You don’t want to grab, brush up against, run into, or use this as a walking stick, considering it’s covered in very strong spiny spikes. This helps protect the plant from various insect and mammalian predators. Not only is this kind of a dangerous shrub to run into, it can spread with runners, and can grow into dense thickets. No thank you!
However, as much as I don’t like this shrub for those reasons, it’s a boon for wildlife. Many insects such as bees, wasps, and butterflies love the flowers for both nectar and pollen. Birds and small mammals love the berries – I’ve also heard bears do as well.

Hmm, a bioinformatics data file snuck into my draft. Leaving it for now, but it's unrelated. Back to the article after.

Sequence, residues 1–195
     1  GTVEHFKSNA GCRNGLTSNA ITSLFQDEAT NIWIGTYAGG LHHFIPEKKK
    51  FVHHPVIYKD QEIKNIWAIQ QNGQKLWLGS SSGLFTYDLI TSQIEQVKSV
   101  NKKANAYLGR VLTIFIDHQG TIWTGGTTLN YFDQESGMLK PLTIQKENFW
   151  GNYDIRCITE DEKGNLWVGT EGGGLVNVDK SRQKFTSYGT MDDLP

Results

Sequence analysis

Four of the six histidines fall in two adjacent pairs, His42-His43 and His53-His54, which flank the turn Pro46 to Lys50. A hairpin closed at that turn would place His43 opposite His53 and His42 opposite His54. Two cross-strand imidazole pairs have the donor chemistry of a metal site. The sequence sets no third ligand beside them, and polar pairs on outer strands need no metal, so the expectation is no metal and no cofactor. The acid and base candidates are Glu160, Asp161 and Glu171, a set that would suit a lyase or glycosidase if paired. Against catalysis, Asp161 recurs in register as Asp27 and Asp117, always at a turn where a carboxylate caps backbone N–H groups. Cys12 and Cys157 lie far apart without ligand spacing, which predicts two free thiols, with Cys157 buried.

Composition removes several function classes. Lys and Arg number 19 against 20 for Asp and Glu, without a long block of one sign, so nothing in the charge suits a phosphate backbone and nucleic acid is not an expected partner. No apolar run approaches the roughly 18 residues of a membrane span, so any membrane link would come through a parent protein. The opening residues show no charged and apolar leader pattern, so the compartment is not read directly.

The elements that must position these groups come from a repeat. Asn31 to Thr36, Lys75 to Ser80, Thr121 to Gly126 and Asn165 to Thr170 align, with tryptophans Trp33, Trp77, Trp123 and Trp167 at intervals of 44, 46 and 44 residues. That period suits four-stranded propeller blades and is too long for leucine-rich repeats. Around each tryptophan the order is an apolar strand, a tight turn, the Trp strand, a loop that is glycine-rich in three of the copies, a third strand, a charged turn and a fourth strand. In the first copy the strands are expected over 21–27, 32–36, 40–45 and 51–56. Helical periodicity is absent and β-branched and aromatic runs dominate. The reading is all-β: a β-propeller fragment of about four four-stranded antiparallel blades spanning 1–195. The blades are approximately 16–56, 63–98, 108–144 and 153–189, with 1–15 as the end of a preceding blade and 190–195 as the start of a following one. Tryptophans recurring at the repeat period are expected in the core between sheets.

Size: 10+ feet tall
Family: Araliaceae (Ginseng family)
Habitat: Moist to dry woods, along streams and riverbanks, forest edges and road banks.
Identification: A deciduous shrub / small tree with a trunk covered in large woody spines. Produces very large leaves that are highly divided into as many as 100 leaflets. At the top of the plant, small greenish white flowers cluster, which eventually develop into dark purple/black round berries (similar looking to elderberries). After the berries fall, the berry stem cluster can remain on the tree in the winter, appearing like a bunch of starbursts. Flowers June-September, fruits September - October.